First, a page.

Mount Saint Mary's University evacuated 450 students from its Chalon campus near Getty Center arts and cultural complex. The Getty was built with special fire protection features and Los Angeles fire department Capt. Erik Scott said it was not threatened.

The fire was burning in the upper elevations of the Brentwood area. The evacuation area extended westward through Pacific Palisades down to the Pacific Coast Highway, encompassing some of the most exclusive real estate in California, where celebrities and executives live in mountain and ridgetop retreats that cost tens of millions of dollars but are surrounded by tinder-dry vegetation.

David Boyle, 78, said he awoke at 3 a.m. to his doorbell ringing and police officers pounding on the front door. They warned him the wildfire was advancing toward his Brentwood home near the Getty Center arts complex.

"They said, 'You need to evacuate.' I'm like, 'When?' They said, 'Now,'" Doyle said. He grabbed dog food and his wife's jewelry and hustled his dogs out the door. They went to a recreation center.

"It's a fact of life when you live in this area," he said. "Every place has some problem with disasters. People talk about earthquakes here, but I don't think it's as bad as hurricane season."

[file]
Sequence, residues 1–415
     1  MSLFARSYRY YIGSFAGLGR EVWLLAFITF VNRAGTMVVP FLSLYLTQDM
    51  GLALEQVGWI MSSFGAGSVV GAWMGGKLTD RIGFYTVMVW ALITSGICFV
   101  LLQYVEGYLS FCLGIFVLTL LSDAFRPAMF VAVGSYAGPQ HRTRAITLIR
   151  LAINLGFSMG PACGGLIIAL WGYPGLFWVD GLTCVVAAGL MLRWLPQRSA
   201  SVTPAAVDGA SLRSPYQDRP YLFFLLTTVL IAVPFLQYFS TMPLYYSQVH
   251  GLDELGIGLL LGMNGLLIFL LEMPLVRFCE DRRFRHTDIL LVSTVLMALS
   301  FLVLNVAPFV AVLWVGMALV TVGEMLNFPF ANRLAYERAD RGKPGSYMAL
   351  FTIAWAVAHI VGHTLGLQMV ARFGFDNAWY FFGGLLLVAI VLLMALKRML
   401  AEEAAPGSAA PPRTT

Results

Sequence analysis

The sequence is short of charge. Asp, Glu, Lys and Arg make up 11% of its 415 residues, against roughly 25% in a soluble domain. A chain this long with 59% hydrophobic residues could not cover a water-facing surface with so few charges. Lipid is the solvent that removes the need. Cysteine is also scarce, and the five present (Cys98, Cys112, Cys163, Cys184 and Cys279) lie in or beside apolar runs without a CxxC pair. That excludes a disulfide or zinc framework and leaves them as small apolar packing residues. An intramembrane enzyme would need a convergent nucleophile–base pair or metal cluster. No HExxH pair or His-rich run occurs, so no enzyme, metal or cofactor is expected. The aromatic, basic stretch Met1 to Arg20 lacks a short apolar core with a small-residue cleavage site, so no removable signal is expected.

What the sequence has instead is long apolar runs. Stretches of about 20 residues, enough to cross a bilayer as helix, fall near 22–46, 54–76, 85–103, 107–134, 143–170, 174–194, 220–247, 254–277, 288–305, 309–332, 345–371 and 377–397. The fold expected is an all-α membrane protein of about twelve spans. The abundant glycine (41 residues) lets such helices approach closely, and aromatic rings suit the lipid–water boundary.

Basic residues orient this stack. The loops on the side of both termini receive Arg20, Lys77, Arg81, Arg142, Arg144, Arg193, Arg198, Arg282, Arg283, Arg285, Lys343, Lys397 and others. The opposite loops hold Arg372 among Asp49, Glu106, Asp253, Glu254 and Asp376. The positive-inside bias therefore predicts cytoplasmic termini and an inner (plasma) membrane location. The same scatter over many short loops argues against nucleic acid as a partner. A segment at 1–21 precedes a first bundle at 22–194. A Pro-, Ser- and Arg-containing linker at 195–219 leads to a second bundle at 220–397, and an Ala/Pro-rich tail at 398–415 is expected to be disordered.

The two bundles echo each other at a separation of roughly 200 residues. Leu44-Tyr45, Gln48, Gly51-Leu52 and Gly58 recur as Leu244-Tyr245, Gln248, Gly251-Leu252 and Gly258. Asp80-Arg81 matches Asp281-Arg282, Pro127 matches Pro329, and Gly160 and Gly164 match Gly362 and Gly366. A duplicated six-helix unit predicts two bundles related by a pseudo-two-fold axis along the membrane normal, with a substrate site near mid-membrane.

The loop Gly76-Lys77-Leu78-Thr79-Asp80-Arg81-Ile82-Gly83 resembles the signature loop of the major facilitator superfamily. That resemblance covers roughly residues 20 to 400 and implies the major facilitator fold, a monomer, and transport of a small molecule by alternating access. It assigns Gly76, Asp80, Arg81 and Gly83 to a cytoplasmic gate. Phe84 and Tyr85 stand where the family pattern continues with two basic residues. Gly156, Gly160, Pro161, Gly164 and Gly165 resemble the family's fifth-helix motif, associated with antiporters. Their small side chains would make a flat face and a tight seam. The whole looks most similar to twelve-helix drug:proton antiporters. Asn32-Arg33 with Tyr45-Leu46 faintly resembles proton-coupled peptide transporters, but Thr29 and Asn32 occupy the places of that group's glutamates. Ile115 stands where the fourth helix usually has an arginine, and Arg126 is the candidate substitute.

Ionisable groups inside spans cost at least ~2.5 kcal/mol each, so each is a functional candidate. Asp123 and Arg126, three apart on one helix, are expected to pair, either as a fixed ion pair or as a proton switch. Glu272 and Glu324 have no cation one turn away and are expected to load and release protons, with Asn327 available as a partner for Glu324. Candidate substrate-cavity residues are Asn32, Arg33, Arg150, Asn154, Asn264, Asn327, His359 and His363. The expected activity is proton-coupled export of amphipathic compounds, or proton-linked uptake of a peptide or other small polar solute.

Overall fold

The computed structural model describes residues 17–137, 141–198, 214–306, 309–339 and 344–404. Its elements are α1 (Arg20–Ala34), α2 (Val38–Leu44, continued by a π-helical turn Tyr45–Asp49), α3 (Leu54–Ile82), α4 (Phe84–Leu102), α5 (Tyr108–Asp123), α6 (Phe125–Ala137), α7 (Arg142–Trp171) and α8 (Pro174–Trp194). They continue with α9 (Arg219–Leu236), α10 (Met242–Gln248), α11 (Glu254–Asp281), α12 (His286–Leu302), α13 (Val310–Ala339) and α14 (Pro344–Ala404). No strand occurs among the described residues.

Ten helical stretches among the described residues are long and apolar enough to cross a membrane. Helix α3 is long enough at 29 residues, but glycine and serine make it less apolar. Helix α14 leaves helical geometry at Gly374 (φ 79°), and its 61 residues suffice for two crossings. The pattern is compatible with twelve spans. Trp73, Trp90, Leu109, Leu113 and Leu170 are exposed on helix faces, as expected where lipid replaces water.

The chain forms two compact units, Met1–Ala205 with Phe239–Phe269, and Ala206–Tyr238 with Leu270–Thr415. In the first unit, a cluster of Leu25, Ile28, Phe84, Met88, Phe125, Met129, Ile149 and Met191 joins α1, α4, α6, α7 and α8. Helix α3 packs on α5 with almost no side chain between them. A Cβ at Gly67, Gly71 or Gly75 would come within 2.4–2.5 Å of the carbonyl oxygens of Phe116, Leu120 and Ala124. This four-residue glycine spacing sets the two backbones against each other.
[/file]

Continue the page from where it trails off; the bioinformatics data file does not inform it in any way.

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Night-flying helicopters made water drops before daybreak, and airplanes unleashing loads of water and bright pink fire retardant joined the battle after the sun came up.

The Getty, with its collection of priceless art, was built with special fire protection features, and Los Angeles fire Capt. Erik Scott said it was not threatened.

But Mount St. Mary's University evacuated 450 students from its Chalon campus nearby. And the University of California, Los Angeles in the city's Westwood section canceled classes — not because of any direct threat from the fire but because of road closings and evacuations affecting people on their way to UCLA.